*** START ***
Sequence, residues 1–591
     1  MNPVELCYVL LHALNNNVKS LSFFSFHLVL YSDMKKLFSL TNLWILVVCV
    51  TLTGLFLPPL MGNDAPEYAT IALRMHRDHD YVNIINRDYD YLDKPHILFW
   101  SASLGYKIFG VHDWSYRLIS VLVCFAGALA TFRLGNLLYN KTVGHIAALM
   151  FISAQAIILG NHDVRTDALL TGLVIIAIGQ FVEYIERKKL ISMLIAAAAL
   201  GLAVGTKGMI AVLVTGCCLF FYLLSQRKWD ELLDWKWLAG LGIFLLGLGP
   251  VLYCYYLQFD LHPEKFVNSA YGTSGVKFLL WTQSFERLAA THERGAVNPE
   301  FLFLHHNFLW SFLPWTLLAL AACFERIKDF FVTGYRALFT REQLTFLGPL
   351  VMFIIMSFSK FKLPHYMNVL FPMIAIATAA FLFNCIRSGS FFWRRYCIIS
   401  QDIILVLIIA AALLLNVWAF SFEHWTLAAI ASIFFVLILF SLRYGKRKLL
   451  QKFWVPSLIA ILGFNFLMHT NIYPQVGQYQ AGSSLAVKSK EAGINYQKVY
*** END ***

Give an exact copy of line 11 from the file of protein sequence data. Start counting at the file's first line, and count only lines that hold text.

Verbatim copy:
   451  QKFWVPSLIA ILGFNFLMHT NIYPQVGQYQ AGSSLAVKSK EAGINYQKVY